The following memo is from William M. Alley, Chief, USGS Office of Groundwater (ouch!).
No, this is not a premature April Fools' Day stunt. Would I do such a thing?
In Reply Refer To: March 26, 2009
Mail Stop 411
OFFICE OF GROUNDWATER TECHNICAL MEMORANDUM 2009.03
Subject: GROUNDWATER: Ground water versus groundwater
It has been a longstanding practice within the USGS to spell ground water as two words and to hyphenate when ground water is used as a modifier (e.g., ground-water hydrology). Ground Water Branch Technical Memorandum 75.03 issued just under 35 years ago specified that the two-word form should be used.
Language evolves, and it is clear that the one-word spelling of groundwater has become the preferred usage both nationally and internationally. The one-word spelling has been used by the Merriam-Webster online dictionary since 1998. Most water-resources publications also use the one-word spelling, as do many technical groups, such as the National Research Council. With the emphasis on interdisciplinary science, many USGS scientists who are not specialists in the field commonly use the one-word form, as increasingly do many hydrologists within the Water Resources Discipline.
The term surface water has not seen the same language simplification that has occurred with the term 'groundwater.' 'Surface water' continues in the English language universally spelled as two words. Use of the two terms together spelled as 'groundwater and surface water' has become common usage.
With this memorandum, we are making a transition to the use of groundwater as one word in USGS. Changeover to use of the one-word spelling in our publications and web sites will be accomplished as seamlessly as possible. Reports in preparation should be converted to the one-word spelling where this does not require a special effort. Reports submitted for approval after August 1, 2009, will be expected to use the one-word form. During this transition period, the one-word or two-word spelling should be used consistently throughout a publication.
William M. Alley
Chief, Office of Groundwater (should I write Office of GW, or is it just Office of G?)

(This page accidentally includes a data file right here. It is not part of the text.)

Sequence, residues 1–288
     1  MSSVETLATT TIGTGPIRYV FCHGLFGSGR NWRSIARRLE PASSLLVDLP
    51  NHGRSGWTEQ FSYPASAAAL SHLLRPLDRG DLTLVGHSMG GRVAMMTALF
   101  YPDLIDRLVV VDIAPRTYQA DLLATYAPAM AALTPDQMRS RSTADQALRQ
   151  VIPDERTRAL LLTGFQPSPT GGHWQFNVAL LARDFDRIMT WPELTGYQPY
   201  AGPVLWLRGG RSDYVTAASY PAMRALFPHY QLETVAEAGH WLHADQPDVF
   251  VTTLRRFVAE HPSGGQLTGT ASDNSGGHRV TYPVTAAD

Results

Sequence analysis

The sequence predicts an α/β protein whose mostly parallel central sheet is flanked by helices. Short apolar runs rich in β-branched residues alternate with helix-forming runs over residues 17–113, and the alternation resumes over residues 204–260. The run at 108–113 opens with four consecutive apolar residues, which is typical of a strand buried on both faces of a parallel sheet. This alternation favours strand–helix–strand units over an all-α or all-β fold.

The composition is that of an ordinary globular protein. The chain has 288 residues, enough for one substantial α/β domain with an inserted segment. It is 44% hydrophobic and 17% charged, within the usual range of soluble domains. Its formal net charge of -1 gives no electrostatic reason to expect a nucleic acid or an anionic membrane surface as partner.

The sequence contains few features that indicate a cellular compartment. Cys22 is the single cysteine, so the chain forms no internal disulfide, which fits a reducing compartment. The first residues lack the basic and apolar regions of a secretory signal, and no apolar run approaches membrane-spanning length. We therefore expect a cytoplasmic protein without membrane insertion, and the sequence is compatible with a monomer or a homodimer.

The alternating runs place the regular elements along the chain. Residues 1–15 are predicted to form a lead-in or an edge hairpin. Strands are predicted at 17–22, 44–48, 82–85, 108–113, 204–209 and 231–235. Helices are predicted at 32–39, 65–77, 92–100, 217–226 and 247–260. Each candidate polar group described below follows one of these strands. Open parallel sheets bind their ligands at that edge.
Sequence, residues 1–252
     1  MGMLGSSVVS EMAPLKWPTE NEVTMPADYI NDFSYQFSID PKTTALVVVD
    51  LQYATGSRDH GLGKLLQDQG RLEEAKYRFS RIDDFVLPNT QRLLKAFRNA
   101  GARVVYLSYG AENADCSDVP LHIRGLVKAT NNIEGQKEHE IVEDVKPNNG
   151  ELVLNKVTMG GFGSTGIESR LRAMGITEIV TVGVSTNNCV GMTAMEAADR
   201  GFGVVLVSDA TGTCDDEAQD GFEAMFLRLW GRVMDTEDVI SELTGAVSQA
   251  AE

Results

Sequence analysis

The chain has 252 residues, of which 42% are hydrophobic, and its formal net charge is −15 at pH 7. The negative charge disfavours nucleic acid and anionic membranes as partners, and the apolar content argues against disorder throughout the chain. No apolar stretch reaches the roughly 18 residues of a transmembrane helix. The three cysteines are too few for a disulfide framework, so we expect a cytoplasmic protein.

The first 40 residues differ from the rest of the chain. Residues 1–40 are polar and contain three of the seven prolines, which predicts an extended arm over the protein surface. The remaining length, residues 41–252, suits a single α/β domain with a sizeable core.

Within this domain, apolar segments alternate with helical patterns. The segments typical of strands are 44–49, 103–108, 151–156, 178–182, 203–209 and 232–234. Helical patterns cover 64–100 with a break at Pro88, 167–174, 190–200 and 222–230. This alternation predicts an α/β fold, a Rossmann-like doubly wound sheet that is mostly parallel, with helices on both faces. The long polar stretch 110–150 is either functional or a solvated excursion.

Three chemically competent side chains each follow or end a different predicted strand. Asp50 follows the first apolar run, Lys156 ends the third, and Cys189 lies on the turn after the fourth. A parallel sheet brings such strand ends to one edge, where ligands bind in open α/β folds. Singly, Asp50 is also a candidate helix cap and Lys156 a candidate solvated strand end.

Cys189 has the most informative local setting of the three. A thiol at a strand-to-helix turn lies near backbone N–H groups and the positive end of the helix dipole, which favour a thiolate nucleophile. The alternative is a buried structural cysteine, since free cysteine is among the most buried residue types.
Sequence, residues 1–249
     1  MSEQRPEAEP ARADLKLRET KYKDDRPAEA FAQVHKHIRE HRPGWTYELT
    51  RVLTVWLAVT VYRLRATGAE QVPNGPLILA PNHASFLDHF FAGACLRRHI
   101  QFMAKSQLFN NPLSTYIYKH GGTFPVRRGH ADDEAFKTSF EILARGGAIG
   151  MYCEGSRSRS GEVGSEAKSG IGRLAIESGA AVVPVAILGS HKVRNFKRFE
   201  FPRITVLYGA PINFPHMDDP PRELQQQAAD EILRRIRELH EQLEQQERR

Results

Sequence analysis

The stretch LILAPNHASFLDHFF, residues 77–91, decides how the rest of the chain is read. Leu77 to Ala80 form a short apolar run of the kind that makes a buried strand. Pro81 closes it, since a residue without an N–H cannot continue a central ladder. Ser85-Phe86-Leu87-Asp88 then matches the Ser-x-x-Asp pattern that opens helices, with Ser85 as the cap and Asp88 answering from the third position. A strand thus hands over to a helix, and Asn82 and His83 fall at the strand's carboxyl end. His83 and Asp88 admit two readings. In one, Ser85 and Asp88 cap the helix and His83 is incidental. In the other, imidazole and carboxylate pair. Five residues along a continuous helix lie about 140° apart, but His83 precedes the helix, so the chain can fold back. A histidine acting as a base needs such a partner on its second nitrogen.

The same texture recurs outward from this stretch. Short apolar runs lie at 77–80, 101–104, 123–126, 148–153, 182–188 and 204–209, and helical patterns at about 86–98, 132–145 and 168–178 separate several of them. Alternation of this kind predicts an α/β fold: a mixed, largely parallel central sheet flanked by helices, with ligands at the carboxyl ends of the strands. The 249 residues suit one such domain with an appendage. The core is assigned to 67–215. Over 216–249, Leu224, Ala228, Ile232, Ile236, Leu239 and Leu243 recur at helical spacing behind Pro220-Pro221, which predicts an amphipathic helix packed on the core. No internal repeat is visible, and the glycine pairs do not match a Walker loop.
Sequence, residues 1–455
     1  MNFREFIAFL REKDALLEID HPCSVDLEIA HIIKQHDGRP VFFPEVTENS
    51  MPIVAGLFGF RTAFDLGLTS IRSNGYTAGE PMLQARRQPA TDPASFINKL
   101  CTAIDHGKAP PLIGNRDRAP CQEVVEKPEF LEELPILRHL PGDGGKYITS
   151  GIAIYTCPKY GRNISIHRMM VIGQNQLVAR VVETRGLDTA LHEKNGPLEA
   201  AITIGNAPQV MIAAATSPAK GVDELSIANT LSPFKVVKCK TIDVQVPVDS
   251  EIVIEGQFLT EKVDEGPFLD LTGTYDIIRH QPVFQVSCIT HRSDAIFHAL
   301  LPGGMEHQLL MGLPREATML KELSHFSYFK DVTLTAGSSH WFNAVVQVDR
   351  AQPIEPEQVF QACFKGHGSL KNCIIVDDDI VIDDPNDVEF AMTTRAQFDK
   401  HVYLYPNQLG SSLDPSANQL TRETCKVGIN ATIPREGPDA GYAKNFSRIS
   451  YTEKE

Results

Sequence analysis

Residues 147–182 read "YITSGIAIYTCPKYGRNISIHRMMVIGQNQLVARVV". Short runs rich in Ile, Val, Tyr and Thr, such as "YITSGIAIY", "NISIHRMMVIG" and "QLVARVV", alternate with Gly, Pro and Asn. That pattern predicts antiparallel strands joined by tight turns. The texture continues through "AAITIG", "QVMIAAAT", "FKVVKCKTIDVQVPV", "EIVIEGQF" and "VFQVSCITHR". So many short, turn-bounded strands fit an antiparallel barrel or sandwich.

This memorandum supersedes Ground Water Branch Technical Memorandum No. 75.03
Thanks to Mary P. Anderson, Editor-in-Chief of the journal Ground Water, which is published by the National Ground Water Association, for sending me this item. The NGWA and the American Water Resources Association (AWRA) are the only two major USA professional societies who still use the two-word spelling. Some other Federal agencies, such as the EPA, also use the two-word spelling. The betting is that they will change to the one-word spelling.
Many of you are no doubt wondering: so what? For many groundwater practitioners, this has been a big deal for many years and has led to editorials, caustic memos, shouting matches, and even fisticuffs (or so I've heard). To understand the gravitas of this issue you may want to read my earlier post, The Great Hydrogeologic Question of Our Era: One Word, or Two, or Who Cares?
See this article from Vicki Kretsinger Grabert from the journal Ground Water (yes, two words):
I started out as a one-worder, following the lead of my PhD advisor, the late Gene Simpson, a former English major. He insisted it was one word, unlike surface water, soil water, etc., simply because English is illogical with few (no?) rules. He pointed to the early works in groundwater by German speakers, who, in keeping with their language's rules, combined 'Grund' + 'Wasser' to produce 'Grundwasser'.
Somewhere along the way I started flip-flopping and I finally became a two-worder, although I do not feel strongly either way and am glad the USGS did what it did.
The times, they are a-changing, and so am I: one word from now on. I started out using groundwater as one word, so it is appropriate that I finish my career that way.
One question: now that we are using groundwater as one word, should we use the abbreviation "GW" for "groundwater", or should it be "G", as one wag indicated to me?
"By such innovations are languages enriched, when the words are adopted by the multitude, and naturalized by custom." -- Miguel de Cervantes Saavedra, author of Don Quixote (thanks to Terry Meyer)